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Written by Olin Coles   
Monday, 04 April 2011
Table of Contents: Page Index
OCZ Vertex 3 SandForce SF-2281 SSD
Closer Look: OCZ Vertex 3 SSD
SandForce SF-2281 SSD Controller
Features and Specifications
SSD Testing Methodology
AS-SSD Benchmark
ATTO Disk Benchmark
CrystalDiskMark 3.0 Tests
Iometer IOPS Performance
EVEREST Disk Benchmark
PCMark Vantage HDD Tests
HDD vs Hybrid Drive vs SSD
OCZ Vertex 3 SSD Conclusion

Iometer IOPS Performance

Iometer is an I/O subsystem measurement and characterization tool for single and clustered systems. Iometer does for a computer's I/O subsystem what a dynamometer does for an engine: it measures performance under a controlled load. Iometer was originally developed by the Intel Corporation and formerly known as "Galileo". Intel has discontinued work on Iometer, and has gifted it to the Open Source Development Lab (OSDL). There is currently a new version of Iometer in beta form, which adds several new test dimensions for SSDs.

Iometer is both a workload generator (that is, it performs I/O operations in order to stress the system) and a measurement tool (that is, it examines and records the performance of its I/O operations and their impact on the system). It can be configured to emulate the disk or network I/O load of any program or benchmark, or can be used to generate entirely synthetic I/O loads. It can generate and measure loads on single or multiple (networked) systems.

To measure random I/O response time as well as total I/O's per second, Iometer is set to use 4KB file size chunks over a 100% random sequential distribution at a queue depth of 32 outstanding I/O's per target. The tests are given a 50% read and 50% write distribution. While this pattern may not match traditional 'server' or 'workstation' profiles, it illustrates a single point of reference relative to our product field.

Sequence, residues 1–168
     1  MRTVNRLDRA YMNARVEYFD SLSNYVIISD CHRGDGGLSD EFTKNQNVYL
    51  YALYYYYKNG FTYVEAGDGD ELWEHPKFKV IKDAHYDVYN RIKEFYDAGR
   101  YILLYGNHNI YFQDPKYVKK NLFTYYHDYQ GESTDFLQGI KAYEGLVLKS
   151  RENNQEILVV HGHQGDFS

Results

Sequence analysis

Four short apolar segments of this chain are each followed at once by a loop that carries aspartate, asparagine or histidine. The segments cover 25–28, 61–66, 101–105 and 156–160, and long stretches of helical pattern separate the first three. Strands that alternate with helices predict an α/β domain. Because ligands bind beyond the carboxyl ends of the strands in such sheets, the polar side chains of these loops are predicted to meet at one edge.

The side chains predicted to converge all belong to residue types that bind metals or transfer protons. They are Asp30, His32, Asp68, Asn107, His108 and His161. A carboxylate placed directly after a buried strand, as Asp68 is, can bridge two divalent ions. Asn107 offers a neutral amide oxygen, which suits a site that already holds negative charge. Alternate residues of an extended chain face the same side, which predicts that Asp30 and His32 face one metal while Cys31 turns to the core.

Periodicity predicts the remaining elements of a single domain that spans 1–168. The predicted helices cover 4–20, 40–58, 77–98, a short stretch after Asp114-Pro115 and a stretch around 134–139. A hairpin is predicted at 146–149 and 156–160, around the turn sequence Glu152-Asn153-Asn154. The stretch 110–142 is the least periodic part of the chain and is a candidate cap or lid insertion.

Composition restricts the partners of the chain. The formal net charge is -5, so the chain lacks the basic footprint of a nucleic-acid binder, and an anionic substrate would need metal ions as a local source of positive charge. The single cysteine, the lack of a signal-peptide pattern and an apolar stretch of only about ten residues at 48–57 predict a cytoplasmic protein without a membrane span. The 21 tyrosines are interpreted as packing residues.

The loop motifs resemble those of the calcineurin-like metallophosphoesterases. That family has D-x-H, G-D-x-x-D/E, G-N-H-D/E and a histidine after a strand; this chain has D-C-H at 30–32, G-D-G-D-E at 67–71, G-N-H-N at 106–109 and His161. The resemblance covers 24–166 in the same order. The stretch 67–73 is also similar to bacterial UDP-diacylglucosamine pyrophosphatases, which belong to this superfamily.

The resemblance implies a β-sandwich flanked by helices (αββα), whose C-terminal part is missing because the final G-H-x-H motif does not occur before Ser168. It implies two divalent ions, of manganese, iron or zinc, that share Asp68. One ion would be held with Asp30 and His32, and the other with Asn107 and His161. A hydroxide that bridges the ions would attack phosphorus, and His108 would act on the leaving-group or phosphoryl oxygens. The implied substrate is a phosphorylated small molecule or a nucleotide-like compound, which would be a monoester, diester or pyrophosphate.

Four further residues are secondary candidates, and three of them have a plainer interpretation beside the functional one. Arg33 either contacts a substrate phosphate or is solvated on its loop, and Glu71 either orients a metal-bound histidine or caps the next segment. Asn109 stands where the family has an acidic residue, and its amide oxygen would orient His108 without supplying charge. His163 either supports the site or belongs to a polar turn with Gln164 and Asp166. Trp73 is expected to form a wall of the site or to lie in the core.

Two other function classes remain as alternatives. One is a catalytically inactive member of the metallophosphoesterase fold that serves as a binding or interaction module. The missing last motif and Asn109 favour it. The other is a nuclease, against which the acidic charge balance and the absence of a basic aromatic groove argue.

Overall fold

The chart below illustrates combined random read and write IOPS over a 120-second Iometer test phase, where highest I/O total is preferred:

Iometer_Random_4K-IOPS_30QD_Results.png

In our Iometer tests, which use 32 outstanding I/O's per target and a random 50/50 read/write distribution, SandForce SSDs clearly outperform the competition when tested which a larger queue depth. The PCI-Express based SandForce-driven RevoDrive SSDs lead the pack, followed by their latest SATA 6Gb/s storage solutions. The OCZ Vertex 3 peaks at 57553, and delivers the fastest IOPS performance we've measured on any SATA-based SSD.

In our next section, we test linear read and write bandwidth performance and compare its speed against several other top storage products using EVEREST Disk Benchmark. Benchmark Reviews feels that linear tests are excellent for rating SSDs, however HDDs are put at a disadvantage with these tests whenever capacity is high.



 

Comments 

 
# Nice reviewcube 2011-04-05 08:52
"confirming the Vertex 3 as the fastest MLC SSD Benchmark Reviews has tested to date"
Pretty good statement. If i was in their ads department i would take this line and add it somewhere in the product page.
As always Olin, excellent review. with each review you provide all the important information needed to understand how these drives work.

I think is probably time to treat myself with an SSD.

Ive been waiting for these prices to come down a bit. But dam, they are persistent. gonna have to call the EU Trade commission to look up into the scheme.

I think there has to be some type of SSD price fixing going on with these companies just like we saw with the LCDs.

"LG Display, Sharp, and Chunghwa Picture Tubes agreed to plead guilty to criminal charges for participating in a liquid crystal display price-fixing conspiracy and pay $585 million in fines, the U.S. Department of Justice announced Wednesday.